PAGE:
Kenny Rogers is another matter entirely. His singing voice is gone, now. But it really didn't matter. He pretty much knew that, so he just played all the hits (and it's amazing quite how many hits there are), kept them largely to being fragments - maybe 1 minute or 2 at most for almost all the songs. Didn't even bother with an encore - he'd already told us that he'd play the encore and not bother with the walking on and off stage when everyone knew he'd be back. And put in a ton of very entertaining and funny patter between the hits, like a proper entertainer. So, although his voice was gone, you came out thinking you'd been to a proper live performance; something a lot of younger bands could learn something from - we don't just want to see you play your songs; we actually want something that's different from the records. Seeing you in person playing note-for-note what's on the CD is not worth £50 of my money. I need something a bit more. Kenny, for all his cheesyness, provided that.

On other entertainments, I've just finished reading the new David Mitchell, which takes me back into higher-brow territory. A very fine book it is, too. Really enjoyable and, nicely, every time you feel it's taking you in one direction it tacks back and changes again. But it's much less dense or complex and structurally interesting as his previous novels, I think.

Latest reading - and this is going to be a real test of my ability to let anything entertain - is Sarah Palin's Going Rogue. Wish me luck.

Sunday, 6 June 2010


Ed Balls today appeared to be saying that the Tories aren't tough enough on all those smelly foreigners. Apparently a limit on the numbers of immigrants even from EU countries should be enforced.

This is the kind of stupid, reactionary, old school anti-European Labourism that existed in the 70s. It's basically protectionism, but, ironically, puffed up in the language of the unpleasant right. He's talking about not letting those swarthy eastern Europeans come in and steal the jobs from good, hard working, British folk, who want to do less work for more money.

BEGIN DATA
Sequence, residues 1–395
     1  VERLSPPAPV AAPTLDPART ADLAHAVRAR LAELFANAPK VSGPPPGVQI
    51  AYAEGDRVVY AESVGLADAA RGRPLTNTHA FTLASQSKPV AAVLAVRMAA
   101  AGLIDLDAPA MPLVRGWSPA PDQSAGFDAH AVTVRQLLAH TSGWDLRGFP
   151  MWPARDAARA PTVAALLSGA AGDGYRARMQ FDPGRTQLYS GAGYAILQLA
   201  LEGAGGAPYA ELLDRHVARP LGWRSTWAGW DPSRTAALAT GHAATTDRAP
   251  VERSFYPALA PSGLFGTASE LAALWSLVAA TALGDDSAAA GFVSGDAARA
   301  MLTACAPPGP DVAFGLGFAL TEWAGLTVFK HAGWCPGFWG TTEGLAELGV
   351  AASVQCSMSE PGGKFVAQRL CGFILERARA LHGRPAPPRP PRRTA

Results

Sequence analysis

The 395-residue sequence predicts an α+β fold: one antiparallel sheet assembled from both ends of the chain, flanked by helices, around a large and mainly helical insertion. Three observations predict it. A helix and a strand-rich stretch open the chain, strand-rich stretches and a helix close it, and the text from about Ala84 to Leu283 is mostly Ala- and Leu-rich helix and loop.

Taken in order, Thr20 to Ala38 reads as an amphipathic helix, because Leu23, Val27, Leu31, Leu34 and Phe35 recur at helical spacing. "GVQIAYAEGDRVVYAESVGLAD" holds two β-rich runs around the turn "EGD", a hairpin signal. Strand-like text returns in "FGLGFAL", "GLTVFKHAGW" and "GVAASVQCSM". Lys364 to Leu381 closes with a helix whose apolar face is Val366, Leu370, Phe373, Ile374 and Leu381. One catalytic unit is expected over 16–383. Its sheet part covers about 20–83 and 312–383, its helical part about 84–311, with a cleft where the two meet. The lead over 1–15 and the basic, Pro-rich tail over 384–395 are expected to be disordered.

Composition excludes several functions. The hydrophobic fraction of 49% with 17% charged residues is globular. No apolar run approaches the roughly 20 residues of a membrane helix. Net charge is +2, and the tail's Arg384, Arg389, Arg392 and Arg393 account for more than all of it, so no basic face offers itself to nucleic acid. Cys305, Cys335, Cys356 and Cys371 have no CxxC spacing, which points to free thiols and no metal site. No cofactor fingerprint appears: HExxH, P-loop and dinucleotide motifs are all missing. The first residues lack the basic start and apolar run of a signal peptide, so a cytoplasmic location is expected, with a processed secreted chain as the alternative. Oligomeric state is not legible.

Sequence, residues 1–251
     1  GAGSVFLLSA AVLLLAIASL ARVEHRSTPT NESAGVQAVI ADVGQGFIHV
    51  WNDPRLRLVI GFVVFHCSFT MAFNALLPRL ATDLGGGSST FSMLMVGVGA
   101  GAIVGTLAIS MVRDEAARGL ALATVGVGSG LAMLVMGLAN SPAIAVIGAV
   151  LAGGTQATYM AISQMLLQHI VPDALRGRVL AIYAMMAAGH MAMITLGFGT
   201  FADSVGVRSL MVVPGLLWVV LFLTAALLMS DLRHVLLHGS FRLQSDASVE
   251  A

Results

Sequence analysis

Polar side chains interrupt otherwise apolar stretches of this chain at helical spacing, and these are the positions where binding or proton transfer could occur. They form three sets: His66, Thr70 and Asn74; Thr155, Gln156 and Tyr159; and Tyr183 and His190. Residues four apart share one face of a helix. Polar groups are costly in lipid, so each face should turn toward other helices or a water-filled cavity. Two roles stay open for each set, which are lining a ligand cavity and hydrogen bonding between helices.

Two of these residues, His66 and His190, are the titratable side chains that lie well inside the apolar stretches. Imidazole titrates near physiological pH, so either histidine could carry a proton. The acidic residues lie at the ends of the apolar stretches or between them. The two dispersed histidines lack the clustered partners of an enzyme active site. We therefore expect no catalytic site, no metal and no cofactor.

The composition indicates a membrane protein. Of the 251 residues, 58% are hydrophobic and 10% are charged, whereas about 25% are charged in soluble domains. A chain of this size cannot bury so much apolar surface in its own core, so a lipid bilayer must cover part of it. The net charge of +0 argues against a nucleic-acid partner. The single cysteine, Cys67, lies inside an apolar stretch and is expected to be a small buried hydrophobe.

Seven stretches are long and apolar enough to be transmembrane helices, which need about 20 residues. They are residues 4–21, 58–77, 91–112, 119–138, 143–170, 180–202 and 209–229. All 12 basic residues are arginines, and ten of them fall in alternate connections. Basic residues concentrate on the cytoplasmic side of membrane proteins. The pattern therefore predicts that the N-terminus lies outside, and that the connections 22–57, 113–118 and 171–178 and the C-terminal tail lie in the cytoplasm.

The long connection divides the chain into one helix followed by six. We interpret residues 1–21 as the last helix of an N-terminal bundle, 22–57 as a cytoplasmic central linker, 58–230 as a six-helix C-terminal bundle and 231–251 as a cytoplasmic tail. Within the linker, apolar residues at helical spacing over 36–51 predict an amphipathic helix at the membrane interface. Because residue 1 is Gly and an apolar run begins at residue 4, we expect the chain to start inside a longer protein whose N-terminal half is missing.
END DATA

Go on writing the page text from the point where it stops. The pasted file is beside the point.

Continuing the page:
It's bafflingly wrong. It's completely antithetical to free movement of labour which is absolutely essential in a free market.

Now, there's been lots and lots of talk recently about failures in the European project because of failings in the Eurozone, because there aren't balancing mechanisms; and one of the key aspects of this is that although there's free movement of labour there are restrictions over culture and language that prevent enough people moving to allow the balancing that's needed.

And there is a serious argument to be had here. But patently, the solution isn't going to be more protectionism, fewer people moving, and less of those balancing elements.

It would be an argument for staying out of the Euro, but the reality is that the problem is only there because of a lack of controls in terms of making sure that all member states adhere to the Maastricht criteria - and that is largely because what should have been an economic project led largely on economic grounds was taken, instead, by romantics who dreamed of getting southern and eastern European states more quickly and succesfully enmeshed with each other and the EU. Which is a laudable goal, but bringing countries into the EU with large debts and deficits, without the mechanisms in place to keep those debts and deficits down, it meant there were countries in the Eurozone who shouldn't have been on any pragmatic economic basis.

There is no fundamental problem with a common currency of countries like France, Germany, Benelux, Denmark, Scandinavia, and possibly the UK. These are similar economies which had, prior to the recent financial mayhem, fairly similar debt and deficit profiles, and could sensibly have had a common currency. The problem comes when people like Portugal and Greece are shoehorned in to a currency that doesn't suit them.

Back to the main point, though: Ed Balls, eh? Almost as bad as Andy Burnham.